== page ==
Differing Strategies on Reverse Mortgage Legislation

When it comes to lobbying state legislators conjuring new laws to regulate the reverse mortgage product in their individual jurisdictions, industry advocates take differing approaches.

These advocates claim some success in shaping both the debate and resulting statutes that affect reverse mortgage lending, already heavily regulated on the federal level. However, there is disagreement around the “MO”.

At the National Reverse Mortgage Lenders Association, for example, President Peter Bell says: “We’re not looking to move a model law,” although he acknowledges that “others are pushing it” – a veiled reference to the Mortgage Bankers Association. Bell’s reasoning: “Why go looking to push [a model law]” where they’re not thinking of such legislation in the first place? “That’s just sticking your head up to be shot at,” he notes colorfully.

Advertisement

Last fall, the lead MBA spokesperson, Regina Lowrie, who heads an MBA reverse mortgage task force, told RMD that the Association’s model document is intended to “get ahead of the [legislative] curve and give [state lawmakers] a framework.”

Sarah Hulbert, CEO, Senior Financial Corp. – and ex-officio chair of the NRMLA board – says model legislation “may serve as a starting point,” but meaningful dialogue between industry practitioners and lawmakers is more useful. While individual states “feel the need to protect their constituents” with reverse mortgage legislation, Hulbert says HECM “is the only reverse out there in today’s economic environment, and it already falls under numerous regulatory agencies and authorities.”

Many new state-level laws only serve to “create duplication,” she argues. In Hulbert’s state of Washington, a new law signed by the governor on April 21, 2009 gave state residents more access to reverse mortgage lenders and applied new safeguards intended to increase consumer security. Four other states passed laws in 2009 regulating reverse mortgages: California, New York, South Carolina and Vermont.

Neil J. Morse has been a communications professional working in the mortgage finance industry for more than a decade. He can be reached at nmorse@reversemortgagedaily.com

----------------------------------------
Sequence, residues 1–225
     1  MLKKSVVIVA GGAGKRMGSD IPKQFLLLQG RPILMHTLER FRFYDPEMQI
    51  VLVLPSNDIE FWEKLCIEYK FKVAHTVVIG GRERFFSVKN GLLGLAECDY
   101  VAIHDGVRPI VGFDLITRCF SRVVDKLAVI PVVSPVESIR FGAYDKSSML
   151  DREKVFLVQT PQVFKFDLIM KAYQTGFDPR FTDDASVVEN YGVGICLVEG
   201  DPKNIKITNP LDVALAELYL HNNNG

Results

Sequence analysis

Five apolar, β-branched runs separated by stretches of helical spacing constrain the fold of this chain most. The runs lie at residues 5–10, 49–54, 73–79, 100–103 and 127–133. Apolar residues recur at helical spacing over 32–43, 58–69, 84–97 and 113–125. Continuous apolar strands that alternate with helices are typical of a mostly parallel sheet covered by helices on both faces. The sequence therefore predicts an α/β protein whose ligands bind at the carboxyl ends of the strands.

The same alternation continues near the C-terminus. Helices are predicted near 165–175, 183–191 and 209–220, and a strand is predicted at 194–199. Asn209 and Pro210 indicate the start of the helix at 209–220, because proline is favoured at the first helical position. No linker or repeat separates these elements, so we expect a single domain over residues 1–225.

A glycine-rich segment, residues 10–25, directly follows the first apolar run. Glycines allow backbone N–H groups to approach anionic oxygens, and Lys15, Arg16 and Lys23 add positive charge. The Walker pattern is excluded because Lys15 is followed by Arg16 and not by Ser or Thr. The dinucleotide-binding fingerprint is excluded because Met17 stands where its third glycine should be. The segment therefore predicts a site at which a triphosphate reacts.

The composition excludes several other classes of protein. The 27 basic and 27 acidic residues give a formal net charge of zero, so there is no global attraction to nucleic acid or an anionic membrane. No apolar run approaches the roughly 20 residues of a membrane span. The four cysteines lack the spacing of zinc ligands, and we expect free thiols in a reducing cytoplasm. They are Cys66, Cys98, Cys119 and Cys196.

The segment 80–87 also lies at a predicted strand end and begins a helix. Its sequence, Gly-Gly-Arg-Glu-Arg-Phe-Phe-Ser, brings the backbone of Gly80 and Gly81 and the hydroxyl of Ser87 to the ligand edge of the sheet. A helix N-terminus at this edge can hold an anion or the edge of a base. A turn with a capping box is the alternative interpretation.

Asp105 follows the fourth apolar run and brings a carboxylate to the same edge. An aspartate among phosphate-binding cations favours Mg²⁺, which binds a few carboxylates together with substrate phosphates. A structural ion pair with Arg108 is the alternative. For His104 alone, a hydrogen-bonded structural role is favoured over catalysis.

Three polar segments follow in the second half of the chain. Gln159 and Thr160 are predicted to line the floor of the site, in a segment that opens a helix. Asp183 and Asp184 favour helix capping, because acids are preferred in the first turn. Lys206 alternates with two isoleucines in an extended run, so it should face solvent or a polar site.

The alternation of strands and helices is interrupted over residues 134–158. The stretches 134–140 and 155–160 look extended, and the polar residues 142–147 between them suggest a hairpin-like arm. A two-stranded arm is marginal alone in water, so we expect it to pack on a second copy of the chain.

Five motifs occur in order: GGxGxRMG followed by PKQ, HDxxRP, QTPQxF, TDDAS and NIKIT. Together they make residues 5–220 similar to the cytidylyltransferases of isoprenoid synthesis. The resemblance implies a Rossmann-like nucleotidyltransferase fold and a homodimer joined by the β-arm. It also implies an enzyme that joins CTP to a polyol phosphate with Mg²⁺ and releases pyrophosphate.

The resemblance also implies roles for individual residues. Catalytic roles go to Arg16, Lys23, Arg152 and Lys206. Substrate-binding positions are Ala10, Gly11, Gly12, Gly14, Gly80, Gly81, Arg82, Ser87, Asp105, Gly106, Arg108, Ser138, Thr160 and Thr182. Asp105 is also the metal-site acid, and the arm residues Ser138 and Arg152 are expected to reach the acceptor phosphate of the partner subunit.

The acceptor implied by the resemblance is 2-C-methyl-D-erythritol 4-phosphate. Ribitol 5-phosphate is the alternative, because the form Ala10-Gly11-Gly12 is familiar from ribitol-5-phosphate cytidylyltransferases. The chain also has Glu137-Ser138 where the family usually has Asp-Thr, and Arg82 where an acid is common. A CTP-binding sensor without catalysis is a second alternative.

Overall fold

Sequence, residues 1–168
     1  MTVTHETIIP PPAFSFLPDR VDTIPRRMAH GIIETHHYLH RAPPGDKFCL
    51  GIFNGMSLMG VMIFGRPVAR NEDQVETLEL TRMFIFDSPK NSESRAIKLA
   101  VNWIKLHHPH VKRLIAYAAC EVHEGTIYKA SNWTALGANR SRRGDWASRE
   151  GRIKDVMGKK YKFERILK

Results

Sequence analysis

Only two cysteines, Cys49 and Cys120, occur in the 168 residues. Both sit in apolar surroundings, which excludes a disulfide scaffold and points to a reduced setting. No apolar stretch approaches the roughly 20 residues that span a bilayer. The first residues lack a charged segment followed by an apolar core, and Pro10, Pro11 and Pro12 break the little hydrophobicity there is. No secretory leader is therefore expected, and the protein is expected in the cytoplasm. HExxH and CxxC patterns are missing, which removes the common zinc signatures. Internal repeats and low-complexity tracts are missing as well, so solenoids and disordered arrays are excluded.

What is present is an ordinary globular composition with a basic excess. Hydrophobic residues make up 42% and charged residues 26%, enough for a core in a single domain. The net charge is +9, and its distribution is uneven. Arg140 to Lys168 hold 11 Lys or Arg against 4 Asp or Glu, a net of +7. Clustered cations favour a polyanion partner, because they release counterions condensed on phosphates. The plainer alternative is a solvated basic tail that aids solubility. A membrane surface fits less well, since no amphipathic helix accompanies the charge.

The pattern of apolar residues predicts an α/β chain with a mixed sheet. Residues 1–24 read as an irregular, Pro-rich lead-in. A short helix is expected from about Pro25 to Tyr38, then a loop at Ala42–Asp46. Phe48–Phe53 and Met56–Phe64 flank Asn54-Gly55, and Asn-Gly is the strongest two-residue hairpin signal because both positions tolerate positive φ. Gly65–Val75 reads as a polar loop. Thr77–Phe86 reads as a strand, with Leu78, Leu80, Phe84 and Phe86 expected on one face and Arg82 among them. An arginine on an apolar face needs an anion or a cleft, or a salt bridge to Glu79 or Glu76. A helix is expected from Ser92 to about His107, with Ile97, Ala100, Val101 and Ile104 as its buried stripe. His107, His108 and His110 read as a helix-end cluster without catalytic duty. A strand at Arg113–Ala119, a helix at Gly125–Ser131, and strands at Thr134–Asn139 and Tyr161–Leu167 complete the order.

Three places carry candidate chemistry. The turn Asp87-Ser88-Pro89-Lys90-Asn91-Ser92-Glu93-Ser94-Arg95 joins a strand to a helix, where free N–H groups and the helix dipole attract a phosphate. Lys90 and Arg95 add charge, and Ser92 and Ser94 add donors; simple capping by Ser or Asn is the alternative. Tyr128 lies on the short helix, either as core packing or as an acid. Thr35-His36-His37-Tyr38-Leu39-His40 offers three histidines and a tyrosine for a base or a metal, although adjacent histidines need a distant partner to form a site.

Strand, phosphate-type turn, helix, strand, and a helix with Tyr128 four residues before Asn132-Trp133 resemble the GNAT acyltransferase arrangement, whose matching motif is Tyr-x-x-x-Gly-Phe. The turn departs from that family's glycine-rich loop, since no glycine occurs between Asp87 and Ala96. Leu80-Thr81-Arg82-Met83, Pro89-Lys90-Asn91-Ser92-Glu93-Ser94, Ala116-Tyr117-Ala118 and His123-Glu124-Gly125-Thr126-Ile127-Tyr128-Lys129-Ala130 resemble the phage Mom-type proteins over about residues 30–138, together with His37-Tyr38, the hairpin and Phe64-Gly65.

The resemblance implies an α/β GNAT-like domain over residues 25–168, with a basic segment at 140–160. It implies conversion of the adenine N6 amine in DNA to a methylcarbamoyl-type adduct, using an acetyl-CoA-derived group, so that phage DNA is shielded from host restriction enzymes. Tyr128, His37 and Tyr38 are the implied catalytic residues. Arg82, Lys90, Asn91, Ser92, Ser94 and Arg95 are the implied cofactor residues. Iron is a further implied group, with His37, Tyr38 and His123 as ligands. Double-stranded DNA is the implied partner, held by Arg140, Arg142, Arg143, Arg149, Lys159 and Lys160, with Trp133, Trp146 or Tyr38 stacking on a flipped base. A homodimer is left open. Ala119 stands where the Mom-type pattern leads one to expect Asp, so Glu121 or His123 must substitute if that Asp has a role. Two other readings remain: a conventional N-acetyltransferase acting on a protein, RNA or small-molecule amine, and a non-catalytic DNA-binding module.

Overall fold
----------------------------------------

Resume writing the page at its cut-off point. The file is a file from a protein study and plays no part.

Join the Conversation (4)

see all

This is a professional community. Please use discretion when posting a comment.

  • Mr. Peter Bell and I do not see eye-to-eye on this issue at all. Yet I agree with the strategy that Mr. Bell takes over that taken by the MBA.

    For those who advocate still lower net principal limits for seniors, they will love the MBA bill. For those who believe in legislation for legislation sake, the MBA bill will bring satisfaction. It is not the idea of the MBA creating such a bill that is bothering; it is the bill itself.

    As Admin can attest to, it is surprising while doing research on the bill, how little some who were highly involved in its creation knew about specific contents; yet as a model bill it is relatively short. An article analyzing the section of the bill in question will be submitted to Admin in the next few weeks. The MBA has already submitted the bill to all of the states’ legislative branches. As an officer of a lender which is a firm member of the MBA it is difficult to find fault with the actions of the MBA, but the state model bill as originally advocated to the states is something that needs to be withdrawn and rewritten. There is already some significant action being taken to have the bill rewritten.

    A state reverse mortgage model bill needs to be created. However, the MBA state model bill should be withdrawn and a new attempt with a new strategy made to create one.

    A new state model bill should be written in consultation with a consortium of representatives from among state lawmakers, their legislative staffs, legal consultants who write state bills, state regulators who will oversee the administration of such bills, reverse mortgage lenders, their legal staffs, trade associations, recognized elder advocates, and other parties who legitimately should be included. This is the way that state model bills have been successfully written and implemented in the past and is very close to the manner in which the California proposed legislation went from an overzealous devastating measure into a framework from which to provide reasonable protections to seniors. The MBA state model bill was written solely by industry experts.

  • I am getting out of reverses after the 1st of January and I suggest that everybody does. I have it on good authority that reverse-mortgages are slated to be essentially extinct by next Summer. Let's go find a growing industry as opposed to hanging on to a dying one.

  • I would be very surprised if the HECM went away anytime soon. I think we are good for at least another 20 years. I do beleive that the # of HECM Brokers will be declining, leaving only the bigger shops to continue working with our seniors. I guess only time will tell.

string(97) "https://reversemortgagedaily.com/2009/12/21/differing-strategies-on-reverse-mortgage-legislation/"

Share your opinion